Volume 5 - Issue 3

The sword of the Spirit: the meaning of inspiration

By Donald Bloesch

Once again the church is being compelled to re-examine its position on the authority and inspiration of the Bible. We are told in 2 Timothy 3:16 that ‘all scripture is inspired by God and profitable for teaching, for reproof, for correction and for training in righteousness’. The Greek word for ‘inspired’ is theopneustos, which means ‘breathed out by God’. The writers of Scripture were not simply assisted by the Spirit in the task of sharing their spiritual insights. Instead, they were elected by God as his instruments to ensure a trustworthy witness to his revelation in the events of biblical history culminating in Jesus Christ. 2 Peter says that ‘no prophecy ever came by the impulse of man, but men moved by the Holy Spirit spoke from God’ (2 Pet. 1:21; cf. 2 Sa. 23:2).

When it is said that ‘all scripture is inspired by God’, the reference is not only to the Old Testament documents but also to those of the New Testament, some of which were even then circulating in written form. This is confirmed in 1 Timothy 5:18 where citations are drawn from New Testament scriptures. To be sure, the canon of the sacred writings had not yet been determined, but the church has wisely interpreted 2 Timothy 3:16 as covering the whole of the canon.

The purpose of inspiration is made clear in verses 15–17 of 2 Timothy 3: to lead people to Christ and to instruct them in the way of Christ. God inspired the Scriptures in order to give sound teaching concerning the faith and to equip the people of God to bear witness to their faith (cf. Jn. 20:31).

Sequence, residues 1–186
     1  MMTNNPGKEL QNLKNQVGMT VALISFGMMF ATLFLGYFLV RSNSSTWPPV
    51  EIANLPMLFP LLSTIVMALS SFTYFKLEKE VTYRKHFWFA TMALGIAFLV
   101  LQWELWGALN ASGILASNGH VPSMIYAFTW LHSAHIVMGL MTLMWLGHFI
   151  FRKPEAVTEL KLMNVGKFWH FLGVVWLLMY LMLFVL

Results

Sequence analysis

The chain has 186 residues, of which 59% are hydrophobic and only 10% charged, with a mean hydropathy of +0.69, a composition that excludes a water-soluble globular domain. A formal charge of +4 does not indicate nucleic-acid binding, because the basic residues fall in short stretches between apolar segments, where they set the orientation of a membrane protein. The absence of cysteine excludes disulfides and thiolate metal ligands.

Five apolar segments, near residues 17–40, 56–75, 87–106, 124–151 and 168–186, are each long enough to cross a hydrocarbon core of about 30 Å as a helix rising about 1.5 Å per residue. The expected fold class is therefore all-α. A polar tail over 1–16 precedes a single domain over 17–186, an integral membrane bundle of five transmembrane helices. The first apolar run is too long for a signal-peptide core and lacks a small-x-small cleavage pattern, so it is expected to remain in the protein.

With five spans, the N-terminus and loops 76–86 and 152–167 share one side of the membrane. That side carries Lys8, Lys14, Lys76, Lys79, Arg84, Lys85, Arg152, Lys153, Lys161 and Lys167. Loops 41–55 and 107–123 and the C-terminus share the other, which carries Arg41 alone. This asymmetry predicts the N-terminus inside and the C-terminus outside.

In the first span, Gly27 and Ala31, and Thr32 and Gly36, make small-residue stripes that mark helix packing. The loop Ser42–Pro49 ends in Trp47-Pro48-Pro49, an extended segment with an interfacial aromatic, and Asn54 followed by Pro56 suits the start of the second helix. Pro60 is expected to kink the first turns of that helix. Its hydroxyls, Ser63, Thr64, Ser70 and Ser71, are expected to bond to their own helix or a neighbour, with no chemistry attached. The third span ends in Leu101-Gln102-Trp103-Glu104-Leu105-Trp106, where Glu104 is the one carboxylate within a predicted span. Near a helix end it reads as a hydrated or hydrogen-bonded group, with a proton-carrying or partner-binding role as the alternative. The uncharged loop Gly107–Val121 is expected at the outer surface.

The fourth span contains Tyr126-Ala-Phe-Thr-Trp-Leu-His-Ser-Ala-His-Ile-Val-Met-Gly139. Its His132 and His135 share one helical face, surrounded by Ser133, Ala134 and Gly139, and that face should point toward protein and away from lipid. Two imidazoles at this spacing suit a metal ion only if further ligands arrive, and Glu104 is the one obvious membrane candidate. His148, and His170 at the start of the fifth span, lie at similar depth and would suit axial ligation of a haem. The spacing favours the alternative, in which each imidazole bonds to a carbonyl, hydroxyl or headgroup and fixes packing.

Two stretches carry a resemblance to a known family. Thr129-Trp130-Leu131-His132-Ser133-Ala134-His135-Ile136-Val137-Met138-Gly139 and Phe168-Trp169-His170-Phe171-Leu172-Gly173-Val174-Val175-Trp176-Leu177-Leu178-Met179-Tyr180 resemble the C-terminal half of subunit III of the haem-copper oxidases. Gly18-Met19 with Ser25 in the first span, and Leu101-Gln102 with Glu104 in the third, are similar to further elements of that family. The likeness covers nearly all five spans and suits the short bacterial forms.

Because the Holy Spirit superintended the writing of the Scriptures, he has been regarded in the tradition of the church catholic as the primary author of Scripture, and the prophets and apostles the secondary authors. But the Spirit is not only a past author but a present teacher, for it is he who opens our eyes and guides us to the truth attested in Scripture (cf. Jn. 16:13; 1 Cor. 2:12–16).

Under the impact of the Spirit, the word of God becomes sharper than a two-edged sword, piercing the marrow of our souls (Heb. 4:12; cf. Is. 49:2; Eph. 6:17; Rev. 1:16). Like a blade with two sharp edges, it always cuts with one side or the other, that is, in a saving or judging manner (cf. Je. 23:29ff., Jn. 12:47–48; 2 Cor. 2:15f.). God’s Word is also likened to a fire which devours all that stands in its path and to a hammer ‘which breaks the rock in pieces’ (Je. 5:14; 23:29). The Lord chastises and afflicts his people, however, only so that they might return to him in repentance and faith. He reproves in order to strengthen, he kills in order to make alive (cf. Is. 51:17–23; Ho. 6:1; Pr. 3:11, 12; Heb. 12:5, 6). The wrath of God is in the service of his love; his word of judgment prepares the way for his word of grace (cf. Ps. 30:6–12; La. 3:31, 32; Is. 54:7–8; Rom. 5:20, 21).